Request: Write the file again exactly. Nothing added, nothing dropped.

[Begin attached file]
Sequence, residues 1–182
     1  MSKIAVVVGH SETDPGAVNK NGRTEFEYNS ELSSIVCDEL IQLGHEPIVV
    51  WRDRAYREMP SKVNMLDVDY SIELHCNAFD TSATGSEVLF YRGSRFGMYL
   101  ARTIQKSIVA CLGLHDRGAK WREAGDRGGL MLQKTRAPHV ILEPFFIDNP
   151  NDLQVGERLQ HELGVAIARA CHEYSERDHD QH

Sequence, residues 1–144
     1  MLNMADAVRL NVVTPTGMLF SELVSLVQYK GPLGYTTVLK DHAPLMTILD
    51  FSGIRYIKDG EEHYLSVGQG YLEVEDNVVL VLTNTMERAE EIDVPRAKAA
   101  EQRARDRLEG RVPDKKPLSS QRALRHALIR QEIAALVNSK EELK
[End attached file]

Sequence, residues 1–182
     1  MSKIAVVVGH SETDPGAVNK NGRTEFEYNS ELSSIVCDEL IQLGHEPIVV
    51  WRDRAYREMP SKVNMLDVDY SIELHCNAFD TSATGSEVLF YRGSRFGMYL
   101  ARTIQKSIVA CLGLHDRGAK WREAGDRGGL MLQKTRAPHV ILEPFFIDNP
   151  NDLQVGERLQ HELGVAIARA CHEYSERDHD QH

Sequence, residues 1–144
     1  MLNMADAVRL NVVTPTGMLF SELVSLVQYK GPLGYTTVLK DHAPLMTILD
    51  FSGIRYIKDG EEHYLSVGQG YLEVEDNVVL VLTNTMERAE EIDVPRAKAA
   101  EQRARDRLEG RVPDKKPLSS QRALRHALIR QEIAALVNSK EELK